What’s the real benefits scandal?
I wonder if the DWP is starting to regret publishing their benefit fraud figures on a monthly basis? Certainly there’s precious little publicity for the latest release. Visit the newsroom on the DWP website and you’ll find there’there’s been no press release – though there was one on Friday to fanfare their “benefit fraud blitz” (I wonder how The Sweet would have coped with that title).
I suppose one reason is that the numbers are so similar to last month’s. Another is that the level of fraud hardly justifies the blitzkreig: the Department’s best estimate is that, in 2010/11, 0.8% of total benefit expenditure across all benefits was lost to fraud.
As it happens, though, there are genuinely shocking data that went on to the DWP website today. And that’s the details of the payments made for Incapacity Benefit and Severe Disablement Allowance, and Employment and Support Allowance. In November 2010, the average weekly payment to someone receiving Incapacity Benefit or Severe Disablement Allowance was £96.64.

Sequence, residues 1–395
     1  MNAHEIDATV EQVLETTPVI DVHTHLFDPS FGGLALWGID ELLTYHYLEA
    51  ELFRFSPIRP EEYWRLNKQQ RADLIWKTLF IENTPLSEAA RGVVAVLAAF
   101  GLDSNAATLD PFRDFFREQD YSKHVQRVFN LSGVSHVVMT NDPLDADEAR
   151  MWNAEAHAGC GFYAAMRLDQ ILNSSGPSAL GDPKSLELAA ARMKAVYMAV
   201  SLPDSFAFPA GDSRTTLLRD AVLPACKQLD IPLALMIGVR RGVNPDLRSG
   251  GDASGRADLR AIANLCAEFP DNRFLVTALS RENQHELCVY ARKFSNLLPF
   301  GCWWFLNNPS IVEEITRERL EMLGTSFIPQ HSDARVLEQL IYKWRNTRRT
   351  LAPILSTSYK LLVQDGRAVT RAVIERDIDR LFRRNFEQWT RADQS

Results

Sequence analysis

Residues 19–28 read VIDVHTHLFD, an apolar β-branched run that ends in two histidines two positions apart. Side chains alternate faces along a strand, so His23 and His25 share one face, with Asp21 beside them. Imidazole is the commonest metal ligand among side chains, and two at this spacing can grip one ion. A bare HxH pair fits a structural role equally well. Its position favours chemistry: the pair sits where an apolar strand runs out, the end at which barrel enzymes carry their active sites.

That is bad enough, you may think. But there has been the most enormous fuss about “over-generous” disability benefits recently and the government is moving people off as quickly as it can, and transferring them to Employment and Support Allowance.
One reason for this is that it’s harder to get ESA, so a lot of people will stop getting any disability benefit at all. But these figures reveal another reason: in November 2010, the average weekly payment to someone getting ESA was £81.71 – £15 a week less.
So there you are. One day, one website: the issue the media and government want you to be up in arms about isn’t really much of a story, but there is a scandal there – it’s just that no one mentions it.